Tuesday, November 29, 2016

Have Yourself a Merry .......

Have you started on your Christmas shopping yet?
I know, I'm supposed to say 'holiday' shopping in the interests of inclusion and that's very much what I mean, but I revert to what I called it when I was a kid and we called it Christmas shopping.

In trying to explain to our two now adult children where their old man grew up, I realized some time ago that until I went to prep school for high school I didn't actually know anybody who wasn't a Roman Catholic. I'm pretty sure that wasn't by design. It's just everybody I grew up with were the same people I went to Mass with.

I always smile when I think of Monsignor Harding, whose first name I never knew (I may have been a full grown-up before realizing he undoubtedly had a first name. I just never heard it spoken aloud by anyone, that's for sure.) as he heard Confessions every Friday morning in the basement of St Peter Church which is where Sister Mary Jean marched all of us from Class 8-A on a weekly basis.

For the life of me, I couldn't understand what this woman thought we did all week that we had to confess every Friday. Sometimes, I actually made stuff up because I wasn't sure I had enough sins. Yes, I know now that lying about sin is, in itself, a sin, but I was thirteen and working on mysteries without a clue. I grasped the sanctity of the confessional and was scared silly at how dark it was 'in the booth' when I closed the door. For a moment, it was just me and God.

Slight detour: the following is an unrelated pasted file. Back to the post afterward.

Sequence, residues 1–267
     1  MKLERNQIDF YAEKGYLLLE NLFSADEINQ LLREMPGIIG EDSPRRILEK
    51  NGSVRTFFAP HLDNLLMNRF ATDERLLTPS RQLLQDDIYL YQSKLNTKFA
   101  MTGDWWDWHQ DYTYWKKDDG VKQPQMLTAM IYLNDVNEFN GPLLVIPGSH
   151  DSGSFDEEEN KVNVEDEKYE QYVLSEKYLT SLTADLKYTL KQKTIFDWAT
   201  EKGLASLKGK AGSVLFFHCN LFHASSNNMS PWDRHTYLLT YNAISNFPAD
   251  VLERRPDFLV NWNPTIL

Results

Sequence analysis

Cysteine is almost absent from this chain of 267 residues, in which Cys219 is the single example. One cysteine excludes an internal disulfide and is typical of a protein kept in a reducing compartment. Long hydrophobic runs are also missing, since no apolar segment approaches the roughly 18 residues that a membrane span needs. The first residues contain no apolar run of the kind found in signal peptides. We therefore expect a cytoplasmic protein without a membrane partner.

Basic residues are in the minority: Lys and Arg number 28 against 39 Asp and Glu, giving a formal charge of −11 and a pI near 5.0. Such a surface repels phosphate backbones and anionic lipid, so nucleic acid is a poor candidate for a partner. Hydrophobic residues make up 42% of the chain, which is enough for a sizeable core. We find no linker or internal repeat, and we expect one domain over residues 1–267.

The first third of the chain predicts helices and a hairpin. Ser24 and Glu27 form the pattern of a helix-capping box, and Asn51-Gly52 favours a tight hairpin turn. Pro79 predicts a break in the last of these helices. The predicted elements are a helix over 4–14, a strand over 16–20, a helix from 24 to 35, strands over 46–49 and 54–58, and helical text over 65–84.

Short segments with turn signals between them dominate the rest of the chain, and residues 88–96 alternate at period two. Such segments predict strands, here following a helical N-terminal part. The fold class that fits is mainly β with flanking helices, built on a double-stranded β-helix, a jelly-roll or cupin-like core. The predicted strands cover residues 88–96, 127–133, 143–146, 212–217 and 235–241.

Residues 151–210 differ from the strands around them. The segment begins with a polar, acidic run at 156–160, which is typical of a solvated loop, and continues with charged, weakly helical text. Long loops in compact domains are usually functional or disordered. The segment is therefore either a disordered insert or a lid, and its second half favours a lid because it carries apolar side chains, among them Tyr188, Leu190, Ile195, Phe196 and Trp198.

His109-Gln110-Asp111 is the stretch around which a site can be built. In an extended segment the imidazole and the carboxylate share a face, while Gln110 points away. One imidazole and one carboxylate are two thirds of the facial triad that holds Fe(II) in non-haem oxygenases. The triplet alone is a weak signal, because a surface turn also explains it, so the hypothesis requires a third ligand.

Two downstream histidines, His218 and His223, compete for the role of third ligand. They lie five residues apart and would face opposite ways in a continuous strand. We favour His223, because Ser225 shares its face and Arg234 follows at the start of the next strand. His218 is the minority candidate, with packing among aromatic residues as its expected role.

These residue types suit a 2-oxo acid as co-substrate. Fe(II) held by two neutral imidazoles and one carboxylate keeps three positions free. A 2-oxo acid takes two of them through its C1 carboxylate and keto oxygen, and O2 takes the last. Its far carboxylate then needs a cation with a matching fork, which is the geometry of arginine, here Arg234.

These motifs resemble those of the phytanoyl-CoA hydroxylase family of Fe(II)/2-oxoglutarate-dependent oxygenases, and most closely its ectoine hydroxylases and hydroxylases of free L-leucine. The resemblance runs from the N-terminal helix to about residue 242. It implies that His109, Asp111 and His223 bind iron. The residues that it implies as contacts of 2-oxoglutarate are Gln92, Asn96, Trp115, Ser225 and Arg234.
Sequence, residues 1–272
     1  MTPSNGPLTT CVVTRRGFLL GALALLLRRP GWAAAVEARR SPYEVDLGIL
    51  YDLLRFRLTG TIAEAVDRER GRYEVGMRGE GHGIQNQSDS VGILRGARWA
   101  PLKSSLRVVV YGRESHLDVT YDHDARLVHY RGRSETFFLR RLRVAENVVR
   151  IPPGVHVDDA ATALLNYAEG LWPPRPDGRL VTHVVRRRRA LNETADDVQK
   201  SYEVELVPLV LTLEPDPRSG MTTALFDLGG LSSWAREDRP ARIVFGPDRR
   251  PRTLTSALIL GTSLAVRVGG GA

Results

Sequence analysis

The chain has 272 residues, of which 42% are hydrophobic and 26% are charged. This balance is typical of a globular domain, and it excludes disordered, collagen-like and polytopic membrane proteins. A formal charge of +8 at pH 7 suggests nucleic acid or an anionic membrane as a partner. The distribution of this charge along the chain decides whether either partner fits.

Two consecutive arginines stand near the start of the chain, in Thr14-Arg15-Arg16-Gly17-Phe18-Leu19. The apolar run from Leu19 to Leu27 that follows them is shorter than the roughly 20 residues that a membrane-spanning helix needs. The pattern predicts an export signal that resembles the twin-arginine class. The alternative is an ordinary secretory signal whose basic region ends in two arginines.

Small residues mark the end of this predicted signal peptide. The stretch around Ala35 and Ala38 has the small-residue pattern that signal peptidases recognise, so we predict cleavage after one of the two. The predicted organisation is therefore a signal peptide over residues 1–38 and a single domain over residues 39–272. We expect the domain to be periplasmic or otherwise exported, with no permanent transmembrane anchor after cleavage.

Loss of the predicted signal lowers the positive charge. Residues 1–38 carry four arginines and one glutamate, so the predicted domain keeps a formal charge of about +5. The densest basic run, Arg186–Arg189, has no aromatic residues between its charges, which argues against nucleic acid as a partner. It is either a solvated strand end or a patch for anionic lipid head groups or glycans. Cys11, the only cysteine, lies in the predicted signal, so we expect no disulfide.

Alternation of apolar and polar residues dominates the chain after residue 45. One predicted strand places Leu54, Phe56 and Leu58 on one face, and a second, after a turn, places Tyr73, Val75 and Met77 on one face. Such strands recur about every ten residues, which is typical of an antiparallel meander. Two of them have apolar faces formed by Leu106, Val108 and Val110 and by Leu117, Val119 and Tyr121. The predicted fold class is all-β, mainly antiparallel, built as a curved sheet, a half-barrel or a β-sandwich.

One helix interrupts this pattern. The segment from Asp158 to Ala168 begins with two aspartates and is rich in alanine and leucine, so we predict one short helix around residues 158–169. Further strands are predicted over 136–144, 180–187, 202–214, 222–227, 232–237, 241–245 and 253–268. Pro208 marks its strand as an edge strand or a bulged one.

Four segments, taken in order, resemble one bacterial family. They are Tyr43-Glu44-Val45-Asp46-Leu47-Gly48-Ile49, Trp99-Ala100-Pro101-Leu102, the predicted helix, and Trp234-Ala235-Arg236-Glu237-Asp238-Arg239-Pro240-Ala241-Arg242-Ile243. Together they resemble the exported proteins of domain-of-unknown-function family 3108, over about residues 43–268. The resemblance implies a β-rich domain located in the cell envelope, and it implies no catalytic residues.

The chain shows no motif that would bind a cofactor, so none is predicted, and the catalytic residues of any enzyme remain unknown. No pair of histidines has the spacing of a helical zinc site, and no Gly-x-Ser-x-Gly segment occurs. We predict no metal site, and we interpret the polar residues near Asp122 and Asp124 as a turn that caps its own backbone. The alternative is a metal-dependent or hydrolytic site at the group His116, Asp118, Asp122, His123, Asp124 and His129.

I could always sort of hear, but very muffled, Monsignor talking to the miscreant at the other partition and when I heard that window slide shut, I knew the drill: Monsignor was pivoting on his chair to my side, and was sliding open the door. Release the hounds....

Sign of the Cross and Bless me Father for I have sinned.
It has been one week since my last confession.
What would I say to him now? It's been decades, Monsignor; funny how time slips away, right? Hilarious.

Monsignor would always assure us eighth-graders that when he exited the Confessional, he could remember NONE of what had gone on inside and yet......on more than one occasion, when I'd offer 'I fought with my sister' or 'I was mean to my little brother', I could hear him sigh as he'd then say, 'Billy, you did that last week! Will you never learn?' And I'd straighten up on the kneeler and near-whisper, 'you said you don't remember this stuff outside the box!' 'Well, I don't,' he'd say.'Then how didja know it was me, then, Monsignor?'

He may still be working on an answer for that one, I guess because I don't ever remember hearing it.
Perhaps another Christmas miracle? I meant holiday miracle.
-bill kenny

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